Surge of paedophilia in Kazakhstan: Prosecutor General raises alarm12 june 2015, 15:41
During the meeting in Astana dedicated to sexual integrity, Attorney General of Kazakhstan Askhat Daulbaev expressed concern about the recent surge of violence against children, Tengrinews reports.
"Dangers for children of all ages today are gaining a sharp and large scale. In 2010, 491 children became victim of rapists, in 2014 there were 943 such cases. And today, such cases continue to be recorded on a daily basis. Since the beginning of this month, 16 cases of sexual abuse of minors have been registered," Daulbayev said.
"This year has seen an upsurge of such violations, which in the first five months totaled at 632 cases, including two egregious cases of long-term confinement and violence against minors in Almaty Oblast and East Kazakhstan Oblast. Yesterday there were two case of criminal sexual offences against minors recorded in Atyrau Oblast and North Kazakhstan Oblast. Let's be honest, despite the clear deterioration of the rule of law in this area, no one has raised the alarm, including the prosecutors," he said on June 11.
The Kazakh Attorney General spoke of the latest data from the Internet Association, according to which a large number of child pornography and child abuse videos were penetrating the Kazakhstan Internet space.
He added that the quality of investigative process in Kazakhstan had much to be desired. &ldquoCases are red taped or hidden," he said.
Over the past five years, almost 3,000 criminal sexual offenses were left unsolved, including 605 against minors.
During the meeting, Deputy Attorney General Nurmakhanbet Issayev said that it was time to consider castration as a preventive measure.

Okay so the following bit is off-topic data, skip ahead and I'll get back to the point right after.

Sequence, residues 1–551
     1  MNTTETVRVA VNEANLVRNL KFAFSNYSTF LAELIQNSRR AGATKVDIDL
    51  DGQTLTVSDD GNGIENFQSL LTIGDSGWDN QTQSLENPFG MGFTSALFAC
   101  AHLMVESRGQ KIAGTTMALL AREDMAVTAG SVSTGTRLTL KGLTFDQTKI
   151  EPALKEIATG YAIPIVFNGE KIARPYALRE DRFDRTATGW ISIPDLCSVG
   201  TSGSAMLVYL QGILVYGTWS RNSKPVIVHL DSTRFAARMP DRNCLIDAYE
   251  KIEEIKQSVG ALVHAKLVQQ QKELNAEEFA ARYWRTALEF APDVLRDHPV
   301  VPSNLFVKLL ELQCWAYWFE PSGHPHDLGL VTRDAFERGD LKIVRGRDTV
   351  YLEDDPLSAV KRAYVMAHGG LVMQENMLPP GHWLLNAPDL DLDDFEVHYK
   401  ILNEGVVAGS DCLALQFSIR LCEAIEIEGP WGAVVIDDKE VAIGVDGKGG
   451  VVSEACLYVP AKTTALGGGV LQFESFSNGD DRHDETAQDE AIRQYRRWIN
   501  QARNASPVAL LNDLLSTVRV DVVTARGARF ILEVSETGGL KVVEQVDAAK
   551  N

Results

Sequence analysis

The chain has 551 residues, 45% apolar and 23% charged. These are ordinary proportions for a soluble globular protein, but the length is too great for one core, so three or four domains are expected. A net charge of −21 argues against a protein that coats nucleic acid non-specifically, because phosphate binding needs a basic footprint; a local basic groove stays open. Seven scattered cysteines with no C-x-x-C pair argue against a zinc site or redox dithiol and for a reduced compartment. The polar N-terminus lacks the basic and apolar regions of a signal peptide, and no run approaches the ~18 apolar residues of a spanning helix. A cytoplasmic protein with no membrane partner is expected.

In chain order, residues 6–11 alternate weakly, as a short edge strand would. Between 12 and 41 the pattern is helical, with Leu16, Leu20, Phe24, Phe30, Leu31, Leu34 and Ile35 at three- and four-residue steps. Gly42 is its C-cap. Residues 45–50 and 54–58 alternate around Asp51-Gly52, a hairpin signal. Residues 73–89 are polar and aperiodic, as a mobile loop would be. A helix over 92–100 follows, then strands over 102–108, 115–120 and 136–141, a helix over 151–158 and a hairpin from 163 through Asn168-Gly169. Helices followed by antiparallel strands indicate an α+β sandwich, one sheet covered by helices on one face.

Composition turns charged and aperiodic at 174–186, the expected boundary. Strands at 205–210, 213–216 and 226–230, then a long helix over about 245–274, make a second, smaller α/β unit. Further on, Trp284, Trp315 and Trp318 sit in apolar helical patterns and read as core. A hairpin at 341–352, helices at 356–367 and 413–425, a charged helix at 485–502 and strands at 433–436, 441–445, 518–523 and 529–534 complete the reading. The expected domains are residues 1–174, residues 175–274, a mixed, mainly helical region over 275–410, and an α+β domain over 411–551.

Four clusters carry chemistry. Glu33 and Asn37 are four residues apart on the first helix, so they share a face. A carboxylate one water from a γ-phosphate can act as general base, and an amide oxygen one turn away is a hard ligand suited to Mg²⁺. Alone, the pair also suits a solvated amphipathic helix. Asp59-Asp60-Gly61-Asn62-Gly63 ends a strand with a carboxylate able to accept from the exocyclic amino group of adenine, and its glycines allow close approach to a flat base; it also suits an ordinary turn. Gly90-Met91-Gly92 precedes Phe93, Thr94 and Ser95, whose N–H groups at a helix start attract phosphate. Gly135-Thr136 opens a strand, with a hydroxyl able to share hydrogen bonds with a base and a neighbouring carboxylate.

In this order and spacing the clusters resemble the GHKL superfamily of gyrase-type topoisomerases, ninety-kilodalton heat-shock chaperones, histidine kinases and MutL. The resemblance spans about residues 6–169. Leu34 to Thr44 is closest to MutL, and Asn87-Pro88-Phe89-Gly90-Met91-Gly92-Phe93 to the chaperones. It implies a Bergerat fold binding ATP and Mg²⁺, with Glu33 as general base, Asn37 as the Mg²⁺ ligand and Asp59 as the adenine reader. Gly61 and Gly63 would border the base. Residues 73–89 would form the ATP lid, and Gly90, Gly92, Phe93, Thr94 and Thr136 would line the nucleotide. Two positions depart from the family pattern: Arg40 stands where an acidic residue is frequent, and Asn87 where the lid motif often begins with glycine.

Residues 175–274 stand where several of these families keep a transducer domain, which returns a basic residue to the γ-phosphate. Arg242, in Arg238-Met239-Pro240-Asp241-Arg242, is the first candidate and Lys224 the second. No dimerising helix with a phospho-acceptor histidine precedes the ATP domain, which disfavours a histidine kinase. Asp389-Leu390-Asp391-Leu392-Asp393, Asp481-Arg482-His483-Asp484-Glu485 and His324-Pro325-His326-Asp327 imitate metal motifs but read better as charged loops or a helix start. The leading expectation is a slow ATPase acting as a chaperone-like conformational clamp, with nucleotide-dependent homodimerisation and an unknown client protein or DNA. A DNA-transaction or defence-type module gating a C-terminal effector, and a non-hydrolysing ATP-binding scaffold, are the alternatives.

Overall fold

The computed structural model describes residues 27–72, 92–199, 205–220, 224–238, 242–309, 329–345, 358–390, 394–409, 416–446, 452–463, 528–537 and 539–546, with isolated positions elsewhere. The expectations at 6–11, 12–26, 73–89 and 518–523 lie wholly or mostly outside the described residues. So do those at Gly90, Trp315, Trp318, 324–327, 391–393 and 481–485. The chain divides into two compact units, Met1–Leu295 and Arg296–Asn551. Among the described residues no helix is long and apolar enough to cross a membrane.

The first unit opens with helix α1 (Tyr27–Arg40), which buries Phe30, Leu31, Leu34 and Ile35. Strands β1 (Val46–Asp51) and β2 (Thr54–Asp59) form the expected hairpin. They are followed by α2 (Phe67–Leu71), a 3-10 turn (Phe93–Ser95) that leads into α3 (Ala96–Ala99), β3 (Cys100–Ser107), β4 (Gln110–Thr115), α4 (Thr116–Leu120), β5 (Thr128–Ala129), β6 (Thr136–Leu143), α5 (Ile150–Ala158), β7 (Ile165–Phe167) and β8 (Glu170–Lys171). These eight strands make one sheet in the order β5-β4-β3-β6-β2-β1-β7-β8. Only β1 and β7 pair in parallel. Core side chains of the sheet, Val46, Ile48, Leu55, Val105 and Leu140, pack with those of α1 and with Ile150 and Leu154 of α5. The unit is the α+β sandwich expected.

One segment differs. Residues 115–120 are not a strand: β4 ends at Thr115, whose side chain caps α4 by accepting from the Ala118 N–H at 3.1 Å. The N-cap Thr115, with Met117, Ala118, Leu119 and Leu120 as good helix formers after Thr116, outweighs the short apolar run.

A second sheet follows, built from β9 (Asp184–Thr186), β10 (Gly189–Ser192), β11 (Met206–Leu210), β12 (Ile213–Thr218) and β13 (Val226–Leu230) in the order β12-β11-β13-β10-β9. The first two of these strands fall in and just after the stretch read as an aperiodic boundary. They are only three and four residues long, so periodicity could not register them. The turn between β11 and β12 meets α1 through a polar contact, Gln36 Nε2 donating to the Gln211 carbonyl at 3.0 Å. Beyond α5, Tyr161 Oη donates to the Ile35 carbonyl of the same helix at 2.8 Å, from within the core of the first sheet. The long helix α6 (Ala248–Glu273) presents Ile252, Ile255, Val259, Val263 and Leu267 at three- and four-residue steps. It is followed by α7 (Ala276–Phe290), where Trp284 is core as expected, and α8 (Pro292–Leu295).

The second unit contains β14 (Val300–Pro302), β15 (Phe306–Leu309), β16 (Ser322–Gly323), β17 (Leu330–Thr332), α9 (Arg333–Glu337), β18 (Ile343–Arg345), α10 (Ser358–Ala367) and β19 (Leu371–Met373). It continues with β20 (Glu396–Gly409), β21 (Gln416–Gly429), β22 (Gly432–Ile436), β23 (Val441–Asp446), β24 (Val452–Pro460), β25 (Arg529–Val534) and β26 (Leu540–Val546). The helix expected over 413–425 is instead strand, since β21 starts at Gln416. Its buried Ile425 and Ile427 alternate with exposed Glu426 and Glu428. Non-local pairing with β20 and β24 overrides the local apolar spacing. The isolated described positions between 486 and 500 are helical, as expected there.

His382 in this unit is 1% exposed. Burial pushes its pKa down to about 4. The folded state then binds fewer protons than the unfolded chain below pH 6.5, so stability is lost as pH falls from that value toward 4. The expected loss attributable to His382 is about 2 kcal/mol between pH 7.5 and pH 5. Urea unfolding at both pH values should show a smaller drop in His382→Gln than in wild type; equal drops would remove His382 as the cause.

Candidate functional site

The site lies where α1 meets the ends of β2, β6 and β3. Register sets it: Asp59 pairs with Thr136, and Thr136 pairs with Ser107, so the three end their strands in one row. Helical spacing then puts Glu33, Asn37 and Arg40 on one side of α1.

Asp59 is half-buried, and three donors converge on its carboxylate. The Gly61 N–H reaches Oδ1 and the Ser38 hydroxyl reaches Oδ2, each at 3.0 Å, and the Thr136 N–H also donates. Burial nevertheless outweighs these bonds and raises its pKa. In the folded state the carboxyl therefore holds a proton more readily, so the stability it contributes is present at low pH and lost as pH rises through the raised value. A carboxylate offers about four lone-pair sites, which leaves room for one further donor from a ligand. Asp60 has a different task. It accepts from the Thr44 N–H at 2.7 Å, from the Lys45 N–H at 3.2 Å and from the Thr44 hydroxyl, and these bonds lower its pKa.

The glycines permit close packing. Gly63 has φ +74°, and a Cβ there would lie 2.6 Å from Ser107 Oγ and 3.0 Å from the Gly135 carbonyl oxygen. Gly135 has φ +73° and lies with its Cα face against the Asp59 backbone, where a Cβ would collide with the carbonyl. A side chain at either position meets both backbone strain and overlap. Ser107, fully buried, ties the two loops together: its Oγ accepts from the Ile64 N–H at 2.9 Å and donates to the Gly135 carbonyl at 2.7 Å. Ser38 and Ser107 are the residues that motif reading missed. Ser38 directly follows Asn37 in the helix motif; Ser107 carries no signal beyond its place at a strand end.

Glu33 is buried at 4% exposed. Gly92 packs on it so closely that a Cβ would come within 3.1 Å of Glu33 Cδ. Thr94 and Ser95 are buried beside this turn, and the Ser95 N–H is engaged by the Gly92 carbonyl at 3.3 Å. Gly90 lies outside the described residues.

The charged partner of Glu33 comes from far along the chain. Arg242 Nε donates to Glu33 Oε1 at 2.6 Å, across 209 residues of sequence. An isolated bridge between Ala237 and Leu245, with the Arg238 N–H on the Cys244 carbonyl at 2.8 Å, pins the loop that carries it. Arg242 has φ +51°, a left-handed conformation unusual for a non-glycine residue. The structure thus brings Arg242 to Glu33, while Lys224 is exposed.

"One of the preventive measures, although it is debatable, is castration, voluntary or forced, chemical or physical. In many countries, including in Russia, it is introduced in order to reduce the number of repeated offences and protect young children," he said.
He recommended Kazakh law enforcement, health and social protection agencies to carefully and thoroughly consider this issue. In addition, Issayev point out the insufficiency of measures taken to isolate rapists from the society.
"Up to a hundred of rapists are released from prisons every year, and there is no guarantee that they will not go back to the old ways. The argument of some people that repetition of this type of crimes is very low cannot be taken into account, because the latency of these crimes is very high (...). It is therefore necessary to subject such persons to psychological and psychiatric examination to establish the reasons behind their crimes and identify the presence of physical pathologies or sadistic inclinations in them," Deputy Attorney General of Kazakhstan said.
He cited an example when in Ust-Kamenogorsk a citizen convicted in 2000 for a sexual crime and freed in 2005, committed a sexual offence just several months after being released. Upon his second release after 10 years in February this year, just two weeks later, he again committed a crime against a child.
According to the Prosecutor of Kazakhstan General Daulbayev, sexual offenses are also caused by a set of problems of socio-economic, legal and moral nature.
"The core one is the general decline of morality and ethics in the Kazakh society. These factors are exacerbated by the availability of illegal content that cultivates violence, cruelty and pornography on the Internet. The population, including children, has unlimited access to social networks, where they are free to view and distribute such videos," Daulbayev said.
Reporting by Assel Satayeva, writing by Dinara Urazova